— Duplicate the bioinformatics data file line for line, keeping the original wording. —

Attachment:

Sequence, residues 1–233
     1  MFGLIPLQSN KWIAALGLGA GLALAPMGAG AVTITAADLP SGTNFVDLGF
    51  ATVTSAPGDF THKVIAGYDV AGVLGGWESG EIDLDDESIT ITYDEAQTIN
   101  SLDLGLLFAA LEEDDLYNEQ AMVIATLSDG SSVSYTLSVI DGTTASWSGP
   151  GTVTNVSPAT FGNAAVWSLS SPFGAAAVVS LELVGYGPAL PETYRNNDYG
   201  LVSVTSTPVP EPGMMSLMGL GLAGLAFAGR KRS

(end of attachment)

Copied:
Sequence, residues 1–233
     1  MFGLIPLQSN KWIAALGLGA GLALAPMGAG AVTITAADLP SGTNFVDLGF
    51  ATVTSAPGDF THKVIAGYDV AGVLGGWESG EIDLDDESIT ITYDEAQTIN
   101  SLDLGLLFAA LEEDDLYNEQ AMVIATLSDG SSVSYTLSVI DGTTASWSGP
   151  GTVTNVSPAT FGNAAVWSLS SPFGAAAVVS LELVGYGPAL PETYRNNDYG
   201  LVSVTSTPVP EPGMMSLMGL GLAGLAFAGR KRS